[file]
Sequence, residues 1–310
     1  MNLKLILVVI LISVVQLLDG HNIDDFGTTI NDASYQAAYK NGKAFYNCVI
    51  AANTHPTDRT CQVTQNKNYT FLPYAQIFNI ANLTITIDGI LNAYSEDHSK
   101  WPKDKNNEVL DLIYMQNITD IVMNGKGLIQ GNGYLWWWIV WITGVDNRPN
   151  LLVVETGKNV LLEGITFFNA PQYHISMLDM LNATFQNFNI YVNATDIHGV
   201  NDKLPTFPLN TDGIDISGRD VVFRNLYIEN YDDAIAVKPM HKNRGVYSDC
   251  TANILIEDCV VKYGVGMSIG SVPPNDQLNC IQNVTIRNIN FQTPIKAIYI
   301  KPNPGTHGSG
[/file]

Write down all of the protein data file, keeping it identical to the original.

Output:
Sequence, residues 1–310
     1  MNLKLILVVI LISVVQLLDG HNIDDFGTTI NDASYQAAYK NGKAFYNCVI
    51  AANTHPTDRT CQVTQNKNYT FLPYAQIFNI ANLTITIDGI LNAYSEDHSK
   101  WPKDKNNEVL DLIYMQNITD IVMNGKGLIQ GNGYLWWWIV WITGVDNRPN
   151  LLVVETGKNV LLEGITFFNA PQYHISMLDM LNATFQNFNI YVNATDIHGV
   201  NDKLPTFPLN TDGIDISGRD VVFRNLYIEN YDDAIAVKPM HKNRGVYSDC
   251  TANILIEDCV VKYGVGMSIG SVPPNDQLNC IQNVTIRNIN FQTPIKAIYI
   301  KPNPGTHGSG